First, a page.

China accused India of being obstinate after Dalai Lama's visit to Arunachal. China said this will cause serious damage to India-China relations. China also dismissed India's suggestion of the visit being religious.

Suggesting it wanted India to stop the nine-day visit of the Tibetan spiritual leader, the Foreign Ministry in Beijing said: "We demand India stop using the Dalai Lama to do anything that undermines China's interests and we also demand the Indian side not hype up sensitive issues between India and China".

China also called in Indian Ambassador to China Vijay Gokhale to lodge a protest this afternoon.

"India in disregard of China's concerns obstinately arranged the Dalai [Lama]'s visit to the eastern part of the India China border causing serious damage to China's interests and to India China relations," said Foreign Ministry spokesperson Hua Chunying.

"The Chinese side firmly opposes this move and will lodge firm= representations with the Indian side". Hua did not say how those representations would be lodged, but officials said this would likely be done in Beijing and New Delhi.


Hua also dismissed India's suggestion of the visit to Arunachal being "religious" without a political message, saying those were "empty words".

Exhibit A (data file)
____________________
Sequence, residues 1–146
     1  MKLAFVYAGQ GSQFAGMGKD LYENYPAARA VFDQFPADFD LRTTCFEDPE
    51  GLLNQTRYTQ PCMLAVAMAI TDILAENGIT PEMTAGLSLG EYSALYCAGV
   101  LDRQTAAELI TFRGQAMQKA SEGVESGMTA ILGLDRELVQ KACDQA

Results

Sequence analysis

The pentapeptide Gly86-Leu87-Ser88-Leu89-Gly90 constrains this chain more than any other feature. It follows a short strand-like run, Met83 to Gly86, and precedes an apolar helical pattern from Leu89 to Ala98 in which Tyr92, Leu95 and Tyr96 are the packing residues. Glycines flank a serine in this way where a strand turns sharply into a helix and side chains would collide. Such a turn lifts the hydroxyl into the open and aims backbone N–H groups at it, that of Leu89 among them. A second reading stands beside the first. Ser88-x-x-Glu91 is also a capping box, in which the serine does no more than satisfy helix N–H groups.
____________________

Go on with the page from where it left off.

"We have noted the statement form officials of the Indian side," Hua said. "Can you tell me honestly do you seriously believe the Dalai [Lama] is only a religious leader? The answer is known to all. He is not just a religious figure. Therefore his visit to this place will not be of a purely religious purpose. So using these empty words to define this arrangement is not reasonable".

China's strong statement comes as State media in Beijing on Wednesday accused India of trying to "play the Tibet card" in response to recent strains in ties, such as China's investments in PoK and its opposition to India's entry into the Nuclear Suppliers Group.


The view in Beijing is that the current visit by the Dalai Lama to Tawang, which is at the centre of Beijing's territorial claims in the eastern sector, is of a higher profile than in 2009, with the Tibetan spiritual leader being accompanied by MoS Home Kiren Rijiju.

Hua said the visit ran "counter" to the "good momentum" in ties. "We hope we can work together to maintain the growth of relations," Hua said. "We know India and China are two close neighbours and countries in Asia. Cooperation between us will serve interests of the region. We hope to maintain good momentum of growth but this move runs counter to this wish, so we hope India stops doing things that undermine our interests."

Hua said the Dalai Lama issue, however, "goes beyond internal affairs". "The role played by the Dalai Lama is clear to all. The issues concerning Tibet have a bearing on China's core interests. India in disregard of China's concerns obstinately arranged the visit. This will for sure trigger China's dissatisfaction. And this will not bring any benefit to India".